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Vol. 50, No. 3, 2006
Issue release date: May 2006
Section title: Original Paper
Ann Nutr Metab 2006;50:167–172
(DOI:10.1159/000090736)

Bioavailability of Apigenin from Apiin-Rich Parsley in Humans

Meyer H. · Bolarinwa A. · Wolfram G. · Linseisen J.
aUnit of Human Nutrition and Cancer Prevention and bDepartment of Food and Nutrition, Technical University of Munich, Freising-Weihenstephan, and cDivision of Clinical Epidemiology, Deutsches Krebsforschungszentrum, Heidelberg, Germany

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Article / Publication Details

First-Page Preview
Abstract of Original Paper

Received: 1/31/2005
Accepted: 9/8/2005
Published online: 6/1/2006

Number of Print Pages: 6
Number of Figures: 3
Number of Tables: 2

ISSN: 0250-6807 (Print)
eISSN: 1421-9697 (Online)

For additional information: http://www.karger.com/ANM

Abstract

Aim: Absorption and excretion of apigenin after the ingestion of apiin-rich food, i.e. parsley, was tested. Methods: Eleven healthy subjects (5 women, 6 men) in the age range of 23–41 years and with an average body mass index of 23.9 ± 4.1 kg/m2 took part in this study. After an apigenin- and luteolin-free diet, a single oral bolus of 2 g blanched parsley (corresponding to 65.8 ± 15.5 µmol apigenin) per kilogram body weight was consumed. Blood samples were taken at 0, 4, 6, 7, 8, 9, 10, 11 and 28 h after parsley consumption and 24-hour urine samples were collected. Apigenin was analyzed in plasma, urine and red blood cells by means of HPLC-ECD. Results: On average, a maximum apigenin plasma concentration of 127 ± 81 nmol/l was reached after 7.2 ± 1.3 h with a high range of variation between subjects. For all participants, plasma apigenin concentration rose after bolus ingestion and fell within 28 h under the detection limit (2.3 nmol/l). The average apigenin content in 24-hour urine was 144 ± 110 nmol/24 h corresponding to 0.22 ± 0.16% of the ingested dose. The flavone could be detected in red blood cells without showing dose-response characteristics. Conclusions: A small portion of apigenin provided by food reaches the human circulation and, therefore, may reveal biological effects.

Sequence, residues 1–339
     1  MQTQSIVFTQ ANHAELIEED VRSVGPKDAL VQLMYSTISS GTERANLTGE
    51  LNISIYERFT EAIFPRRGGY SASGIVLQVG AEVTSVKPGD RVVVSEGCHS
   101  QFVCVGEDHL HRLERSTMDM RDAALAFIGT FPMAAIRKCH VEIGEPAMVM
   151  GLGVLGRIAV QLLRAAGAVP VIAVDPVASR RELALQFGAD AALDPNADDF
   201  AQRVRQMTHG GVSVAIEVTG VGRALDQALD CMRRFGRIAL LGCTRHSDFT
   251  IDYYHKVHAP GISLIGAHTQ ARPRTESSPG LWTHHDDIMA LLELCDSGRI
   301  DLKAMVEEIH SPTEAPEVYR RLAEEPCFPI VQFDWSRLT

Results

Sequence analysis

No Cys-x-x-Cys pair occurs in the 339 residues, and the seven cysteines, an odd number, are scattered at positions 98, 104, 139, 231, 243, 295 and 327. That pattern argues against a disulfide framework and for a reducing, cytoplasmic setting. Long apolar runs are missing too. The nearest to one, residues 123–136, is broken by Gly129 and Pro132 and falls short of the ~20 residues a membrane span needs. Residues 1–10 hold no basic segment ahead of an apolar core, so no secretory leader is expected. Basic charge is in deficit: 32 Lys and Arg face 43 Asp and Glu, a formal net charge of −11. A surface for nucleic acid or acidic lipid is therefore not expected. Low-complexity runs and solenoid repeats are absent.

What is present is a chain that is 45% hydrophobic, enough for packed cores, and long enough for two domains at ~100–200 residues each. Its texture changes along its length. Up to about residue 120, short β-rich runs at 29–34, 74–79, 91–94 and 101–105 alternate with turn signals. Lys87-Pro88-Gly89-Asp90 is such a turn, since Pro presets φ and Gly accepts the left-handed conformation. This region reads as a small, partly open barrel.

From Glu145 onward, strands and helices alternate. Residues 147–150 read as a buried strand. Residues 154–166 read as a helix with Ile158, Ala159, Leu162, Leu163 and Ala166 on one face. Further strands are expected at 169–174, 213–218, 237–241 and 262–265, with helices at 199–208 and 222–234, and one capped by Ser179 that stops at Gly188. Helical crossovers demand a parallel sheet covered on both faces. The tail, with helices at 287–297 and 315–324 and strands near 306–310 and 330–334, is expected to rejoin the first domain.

Author Contacts

Dr. Jakob Linseisen, PD
Deutsches Krebsforschungszentrum, Department of Clinical Epidemiology
Im Neuenheimer Feld 280, DE–69120 Heidelberg (Germany)
Tel. +49 6221 422362, Fax +49 6221 422203
E-Mail j.linseisen@dkfz.de

  

Article Information

Received: January 31, 2005
Accepted: September 8, 2005
Published online: January 10, 2006
Number of Print Pages : 6
Number of Figures : 3, Number of Tables : 2, Number of References : 22

  

Publication Details

Annals of Nutrition and Metabolism (European Journal of Nutrition, Metabolic Diseases and Dietetics)

Vol. 50, No. 3, Year 2006 (Cover Date: May 2006)

Journal Editor: Elmadfa, I. (Vienna)
ISSN: 0250–6807 (print), 1421–9697 (Online)

For additional information: http://www.karger.com/ANM


Article / Publication Details

First-Page Preview
Abstract of Original Paper

Received: 1/31/2005
Accepted: 9/8/2005
Published online: 6/1/2006

Number of Print Pages: 6
Number of Figures: 3
Number of Tables: 2

ISSN: 0250-6807 (Print)
eISSN: 1421-9697 (Online)

For additional information: http://www.karger.com/ANM


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Drug Dosage: The authors and the publisher have exerted every effort to ensure that drug selection and dosage set forth in this text are in accord with current recommendations and practice at the time of publication. However, in view of ongoing research, changes in goverment regulations, and the constant flow of information relating to drug therapy and drug reactions, the reader is urged to check the package insert for each drug for any changes in indications and dosage and for added warnings and precautions. This is particularly important when the recommended agent is a new and/or infrequently employed drug.
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